Skip To Content
Breaking News

Henry Bialowas, Fashion Maven and Gute Neshomeh, Dies at 98

Henry Bialowas died on Saturday, age 98. I’ll miss him. There’s no reason you should recognize his name, but you should miss him too.

Henry Bialowas was not a famous man. I would say, in the manner of the pre-war joke, that he was “world famous in certain districts of Poland.”

He was a “fakhman,” a master tailor and designer on Seventh Avenue, who created the inaugural ball gowns for Lady Bird Johnson and Pat Nixon, and one year, George Steinbrenner’s World Series blazer.

He was a devoted Labor Zionist, secretary of his Farband branch into the 1990’s. He was, and his wife Fay still is a mainstay of their Conservative synagogue in Hackensack, N.J., Temple Beth El. He was one of my parents’ closest and oldest friends, from 1935. Those are modest circles of fame in this world.

What earned him wider recognition, in my book, is that he belonged to the sheris hapleita, the saving remnant of European Jewry. Their task, in the late 1940’s and later, was to save their families after they had seen them killed.

Like thousands of others, Henry and Fay Bialowas found the courage and will to build new lives, to raise children and help them raise grandchildren, each of them with their own talents, their own way of adding something to their world. Henry and Fay’s families have survived, and that is an every-day miracle, remarkable in its way.

I will miss his Lodzer Yiddish. I’ll miss his recollections of his years as a partisan in the forests of Belarus, of his wedding to Fay in Bergen Belsen in 1949.

No one could size up a new suit the way he did, evaluating both the fabric and the cut. I’ll miss not just his tailoring but also his gardening. His and Fay’s tomatoes are sweet. I’ll miss his comments on what he read in the Forverts. He was a gute neshomeh. May his memory be a blessing.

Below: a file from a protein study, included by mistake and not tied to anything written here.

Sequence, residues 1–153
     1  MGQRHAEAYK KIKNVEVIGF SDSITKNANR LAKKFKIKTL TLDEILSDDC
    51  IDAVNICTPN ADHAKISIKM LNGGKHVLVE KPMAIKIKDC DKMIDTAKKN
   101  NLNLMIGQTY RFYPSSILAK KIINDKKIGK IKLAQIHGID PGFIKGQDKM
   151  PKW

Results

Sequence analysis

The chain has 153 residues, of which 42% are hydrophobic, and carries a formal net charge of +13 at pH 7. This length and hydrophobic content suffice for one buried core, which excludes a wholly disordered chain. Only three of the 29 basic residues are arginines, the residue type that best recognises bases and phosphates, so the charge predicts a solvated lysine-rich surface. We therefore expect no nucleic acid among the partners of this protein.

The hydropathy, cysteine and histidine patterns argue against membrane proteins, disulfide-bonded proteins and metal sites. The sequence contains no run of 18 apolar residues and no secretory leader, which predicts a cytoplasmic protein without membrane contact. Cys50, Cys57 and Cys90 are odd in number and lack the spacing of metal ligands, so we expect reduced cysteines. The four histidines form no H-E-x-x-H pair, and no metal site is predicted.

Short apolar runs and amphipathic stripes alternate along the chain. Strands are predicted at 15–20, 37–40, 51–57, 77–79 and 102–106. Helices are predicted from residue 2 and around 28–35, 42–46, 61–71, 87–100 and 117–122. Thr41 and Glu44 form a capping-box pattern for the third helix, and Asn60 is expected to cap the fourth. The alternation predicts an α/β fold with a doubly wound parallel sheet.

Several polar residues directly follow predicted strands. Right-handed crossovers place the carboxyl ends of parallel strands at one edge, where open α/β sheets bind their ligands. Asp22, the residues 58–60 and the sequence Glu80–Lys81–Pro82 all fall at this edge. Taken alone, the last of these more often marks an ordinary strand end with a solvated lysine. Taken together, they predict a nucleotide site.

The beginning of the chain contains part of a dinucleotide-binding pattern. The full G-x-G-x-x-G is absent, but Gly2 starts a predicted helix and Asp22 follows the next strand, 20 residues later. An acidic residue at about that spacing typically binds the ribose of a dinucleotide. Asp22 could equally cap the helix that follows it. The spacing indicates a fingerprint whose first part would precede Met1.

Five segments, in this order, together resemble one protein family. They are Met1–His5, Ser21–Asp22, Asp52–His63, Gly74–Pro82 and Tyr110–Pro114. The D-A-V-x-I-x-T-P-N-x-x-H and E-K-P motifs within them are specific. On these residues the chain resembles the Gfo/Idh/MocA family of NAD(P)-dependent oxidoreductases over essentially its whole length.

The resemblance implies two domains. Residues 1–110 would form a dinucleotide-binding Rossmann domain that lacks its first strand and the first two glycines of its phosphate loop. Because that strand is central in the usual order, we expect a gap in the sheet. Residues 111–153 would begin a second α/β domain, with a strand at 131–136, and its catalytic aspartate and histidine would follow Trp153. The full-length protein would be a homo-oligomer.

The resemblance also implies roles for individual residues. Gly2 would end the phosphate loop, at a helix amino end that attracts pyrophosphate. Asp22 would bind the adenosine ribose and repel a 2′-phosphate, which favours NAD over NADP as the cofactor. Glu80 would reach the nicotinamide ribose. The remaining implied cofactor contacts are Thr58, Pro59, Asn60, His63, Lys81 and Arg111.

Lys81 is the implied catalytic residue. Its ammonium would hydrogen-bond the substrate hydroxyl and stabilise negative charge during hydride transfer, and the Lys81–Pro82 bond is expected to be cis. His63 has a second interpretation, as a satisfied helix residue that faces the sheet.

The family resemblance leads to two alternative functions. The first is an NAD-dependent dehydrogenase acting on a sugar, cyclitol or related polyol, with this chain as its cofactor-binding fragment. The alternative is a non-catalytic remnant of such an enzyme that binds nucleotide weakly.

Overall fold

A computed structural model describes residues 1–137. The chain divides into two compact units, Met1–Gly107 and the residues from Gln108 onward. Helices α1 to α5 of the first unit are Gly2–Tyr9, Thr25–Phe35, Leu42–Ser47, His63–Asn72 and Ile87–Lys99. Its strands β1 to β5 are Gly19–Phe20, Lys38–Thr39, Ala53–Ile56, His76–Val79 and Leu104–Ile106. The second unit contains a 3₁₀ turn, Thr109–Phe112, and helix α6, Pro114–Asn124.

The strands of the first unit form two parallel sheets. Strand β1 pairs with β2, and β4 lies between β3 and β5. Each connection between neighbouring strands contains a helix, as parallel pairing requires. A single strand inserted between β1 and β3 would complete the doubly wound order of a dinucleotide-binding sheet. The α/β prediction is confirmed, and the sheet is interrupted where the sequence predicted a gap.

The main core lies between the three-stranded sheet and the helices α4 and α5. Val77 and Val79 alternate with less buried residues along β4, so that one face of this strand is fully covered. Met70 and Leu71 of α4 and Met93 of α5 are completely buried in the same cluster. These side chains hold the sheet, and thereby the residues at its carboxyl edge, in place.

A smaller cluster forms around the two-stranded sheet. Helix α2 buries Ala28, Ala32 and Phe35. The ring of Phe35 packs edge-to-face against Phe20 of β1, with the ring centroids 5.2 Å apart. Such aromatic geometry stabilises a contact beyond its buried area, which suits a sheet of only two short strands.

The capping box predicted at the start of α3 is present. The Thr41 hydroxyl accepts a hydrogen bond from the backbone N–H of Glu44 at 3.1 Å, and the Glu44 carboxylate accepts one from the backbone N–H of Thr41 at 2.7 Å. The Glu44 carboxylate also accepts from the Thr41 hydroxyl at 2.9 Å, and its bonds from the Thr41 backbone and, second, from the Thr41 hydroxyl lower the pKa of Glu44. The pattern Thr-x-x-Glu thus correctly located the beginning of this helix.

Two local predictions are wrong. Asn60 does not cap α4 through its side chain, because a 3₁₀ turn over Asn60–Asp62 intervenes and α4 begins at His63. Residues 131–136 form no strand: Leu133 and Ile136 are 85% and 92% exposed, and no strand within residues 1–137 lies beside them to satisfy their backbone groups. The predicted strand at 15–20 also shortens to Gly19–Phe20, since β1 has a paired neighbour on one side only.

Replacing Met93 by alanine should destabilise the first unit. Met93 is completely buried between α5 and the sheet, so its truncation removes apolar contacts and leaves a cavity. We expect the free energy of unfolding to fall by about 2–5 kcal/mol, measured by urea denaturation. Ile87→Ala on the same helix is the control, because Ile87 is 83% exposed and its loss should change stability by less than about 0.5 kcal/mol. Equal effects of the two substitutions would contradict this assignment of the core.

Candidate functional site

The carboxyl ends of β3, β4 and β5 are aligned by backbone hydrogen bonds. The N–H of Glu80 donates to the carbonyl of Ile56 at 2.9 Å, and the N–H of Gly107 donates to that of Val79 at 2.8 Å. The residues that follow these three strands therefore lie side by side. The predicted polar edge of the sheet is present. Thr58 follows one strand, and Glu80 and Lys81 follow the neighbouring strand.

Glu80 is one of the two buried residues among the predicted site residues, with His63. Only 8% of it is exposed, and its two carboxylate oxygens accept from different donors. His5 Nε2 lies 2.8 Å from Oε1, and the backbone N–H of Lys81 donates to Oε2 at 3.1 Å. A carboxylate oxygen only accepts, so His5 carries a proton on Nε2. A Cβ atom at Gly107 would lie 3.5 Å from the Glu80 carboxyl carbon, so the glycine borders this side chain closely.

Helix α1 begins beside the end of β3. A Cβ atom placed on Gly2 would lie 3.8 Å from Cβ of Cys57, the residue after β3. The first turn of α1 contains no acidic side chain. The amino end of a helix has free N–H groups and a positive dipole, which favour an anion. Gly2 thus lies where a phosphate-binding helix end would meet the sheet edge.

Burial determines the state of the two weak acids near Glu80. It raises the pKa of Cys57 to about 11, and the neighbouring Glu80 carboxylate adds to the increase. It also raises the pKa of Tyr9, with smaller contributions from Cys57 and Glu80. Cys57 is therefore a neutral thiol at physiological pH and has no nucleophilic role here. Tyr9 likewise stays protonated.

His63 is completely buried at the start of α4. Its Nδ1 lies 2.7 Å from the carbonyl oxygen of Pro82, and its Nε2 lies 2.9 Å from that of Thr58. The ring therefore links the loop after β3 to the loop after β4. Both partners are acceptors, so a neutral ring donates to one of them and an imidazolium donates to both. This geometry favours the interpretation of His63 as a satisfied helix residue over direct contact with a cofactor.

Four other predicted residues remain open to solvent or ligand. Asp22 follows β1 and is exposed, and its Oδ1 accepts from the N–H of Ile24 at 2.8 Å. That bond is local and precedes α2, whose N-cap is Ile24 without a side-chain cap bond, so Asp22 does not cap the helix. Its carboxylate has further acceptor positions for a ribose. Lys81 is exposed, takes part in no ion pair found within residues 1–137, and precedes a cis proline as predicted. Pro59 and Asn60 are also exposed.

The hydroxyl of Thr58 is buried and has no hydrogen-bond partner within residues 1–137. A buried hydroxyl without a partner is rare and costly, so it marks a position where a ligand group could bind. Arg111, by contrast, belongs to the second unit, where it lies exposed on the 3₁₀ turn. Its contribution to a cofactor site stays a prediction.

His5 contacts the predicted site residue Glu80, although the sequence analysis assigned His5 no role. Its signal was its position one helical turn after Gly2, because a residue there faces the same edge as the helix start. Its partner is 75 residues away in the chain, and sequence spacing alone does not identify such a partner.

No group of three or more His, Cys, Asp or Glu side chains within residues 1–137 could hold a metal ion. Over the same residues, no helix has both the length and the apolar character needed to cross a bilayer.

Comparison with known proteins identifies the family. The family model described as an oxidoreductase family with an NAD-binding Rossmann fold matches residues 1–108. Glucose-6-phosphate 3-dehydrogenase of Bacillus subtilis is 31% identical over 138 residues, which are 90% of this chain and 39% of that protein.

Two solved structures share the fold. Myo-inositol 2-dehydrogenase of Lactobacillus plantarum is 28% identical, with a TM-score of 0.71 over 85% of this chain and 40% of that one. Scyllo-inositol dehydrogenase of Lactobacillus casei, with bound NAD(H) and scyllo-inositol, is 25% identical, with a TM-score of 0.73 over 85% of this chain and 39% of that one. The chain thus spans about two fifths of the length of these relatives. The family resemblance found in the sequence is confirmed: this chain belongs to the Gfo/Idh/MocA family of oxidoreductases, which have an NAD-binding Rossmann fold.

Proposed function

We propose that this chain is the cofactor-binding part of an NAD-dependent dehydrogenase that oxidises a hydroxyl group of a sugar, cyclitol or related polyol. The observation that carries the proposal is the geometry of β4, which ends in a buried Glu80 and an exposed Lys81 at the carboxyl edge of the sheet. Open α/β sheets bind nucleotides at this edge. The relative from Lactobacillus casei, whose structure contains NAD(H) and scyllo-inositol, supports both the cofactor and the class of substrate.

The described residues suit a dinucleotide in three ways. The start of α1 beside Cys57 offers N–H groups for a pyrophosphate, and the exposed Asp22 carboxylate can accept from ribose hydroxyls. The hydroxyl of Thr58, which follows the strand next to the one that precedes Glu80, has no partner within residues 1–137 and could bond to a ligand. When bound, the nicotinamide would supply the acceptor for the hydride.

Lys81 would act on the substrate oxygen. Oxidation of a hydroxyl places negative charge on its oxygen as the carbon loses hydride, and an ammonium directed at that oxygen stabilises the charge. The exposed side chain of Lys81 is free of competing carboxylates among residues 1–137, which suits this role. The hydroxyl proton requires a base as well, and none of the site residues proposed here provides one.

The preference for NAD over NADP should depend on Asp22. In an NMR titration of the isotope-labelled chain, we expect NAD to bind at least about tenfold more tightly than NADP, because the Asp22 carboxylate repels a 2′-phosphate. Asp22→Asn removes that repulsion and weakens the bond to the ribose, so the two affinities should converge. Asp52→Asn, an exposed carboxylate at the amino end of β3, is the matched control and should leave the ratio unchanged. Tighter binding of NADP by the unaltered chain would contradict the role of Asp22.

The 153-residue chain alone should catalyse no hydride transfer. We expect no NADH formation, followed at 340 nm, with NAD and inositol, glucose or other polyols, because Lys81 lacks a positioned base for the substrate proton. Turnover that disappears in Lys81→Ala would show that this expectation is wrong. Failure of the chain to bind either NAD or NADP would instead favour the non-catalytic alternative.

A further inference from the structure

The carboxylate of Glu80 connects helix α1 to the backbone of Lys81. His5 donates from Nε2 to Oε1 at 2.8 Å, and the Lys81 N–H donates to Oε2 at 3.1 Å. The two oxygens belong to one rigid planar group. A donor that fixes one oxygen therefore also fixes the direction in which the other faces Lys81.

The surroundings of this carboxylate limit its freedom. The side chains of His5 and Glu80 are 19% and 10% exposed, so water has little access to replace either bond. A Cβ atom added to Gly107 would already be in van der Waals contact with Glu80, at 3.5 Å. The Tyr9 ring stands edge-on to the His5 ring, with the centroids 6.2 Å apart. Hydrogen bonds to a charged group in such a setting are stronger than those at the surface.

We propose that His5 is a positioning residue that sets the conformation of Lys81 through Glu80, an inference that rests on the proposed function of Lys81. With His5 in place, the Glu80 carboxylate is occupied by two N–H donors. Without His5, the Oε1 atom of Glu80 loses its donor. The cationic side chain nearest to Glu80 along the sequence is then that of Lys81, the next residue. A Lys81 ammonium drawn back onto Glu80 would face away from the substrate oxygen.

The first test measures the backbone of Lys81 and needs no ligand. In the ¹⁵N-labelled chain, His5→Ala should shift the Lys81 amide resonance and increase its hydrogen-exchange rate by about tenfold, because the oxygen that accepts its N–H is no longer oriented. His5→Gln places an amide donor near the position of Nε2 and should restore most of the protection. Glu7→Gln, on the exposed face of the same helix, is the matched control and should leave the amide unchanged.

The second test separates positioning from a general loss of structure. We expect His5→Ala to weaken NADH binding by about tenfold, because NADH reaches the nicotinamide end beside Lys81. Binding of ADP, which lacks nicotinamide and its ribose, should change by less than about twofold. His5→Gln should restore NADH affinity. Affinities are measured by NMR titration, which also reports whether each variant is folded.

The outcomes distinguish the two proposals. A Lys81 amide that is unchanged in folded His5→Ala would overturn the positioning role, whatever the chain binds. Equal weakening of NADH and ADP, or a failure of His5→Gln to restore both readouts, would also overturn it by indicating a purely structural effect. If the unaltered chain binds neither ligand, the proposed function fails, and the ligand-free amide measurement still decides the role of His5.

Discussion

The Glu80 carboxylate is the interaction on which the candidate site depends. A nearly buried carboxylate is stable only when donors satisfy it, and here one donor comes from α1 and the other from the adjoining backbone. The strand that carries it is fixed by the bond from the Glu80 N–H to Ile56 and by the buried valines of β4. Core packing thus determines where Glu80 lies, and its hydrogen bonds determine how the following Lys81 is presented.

I hope you appreciated this article. Before you go, I’d like to ask you to please support the Forward’s award-winning, nonprofit journalism during this critical time.

Now more than ever, American Jews need independent news they can trust, with reporting driven by truth, not ideology. We serve you, not any ideological agenda.

At a time when other newsrooms are closing or cutting back, the Forward has removed its paywall and invested additional resources to report on the ground from Israel and around the U.S. on the impact of the war, rising antisemitism and the protests on college campuses.

Readers like you make it all possible. Support our work by becoming a Forward Member and connect with our journalism and your community.

Make a gift of any size and become a Forward member today. You’ll support our mission to tell the American Jewish story fully and fairly. 

— Rachel Fishman Feddersen, Publisher and CEO

Join our mission to tell the Jewish story fully and fairly.

Republish This Story

Please read before republishing

We’re happy to make this story available to republish for free, unless it originated with JTA, Haaretz or another publication (as indicated on the article) and as long as you follow our guidelines. You must credit the Forward, retain our pixel and preserve our canonical link in Google search.  See our full guidelines for more information, and this guide for detail about canonical URLs.

To republish, copy the HTML by clicking on the yellow button to the right; it includes our tracking pixel, all paragraph styles and hyperlinks, the author byline and credit to the Forward. It does not include images; to avoid copyright violations, you must add them manually, following our guidelines. Please email us at [email protected], subject line “republish,” with any questions or to let us know what stories you’re picking up.

We don't support Internet Explorer

Please use Chrome, Safari, Firefox, or Edge to view this site.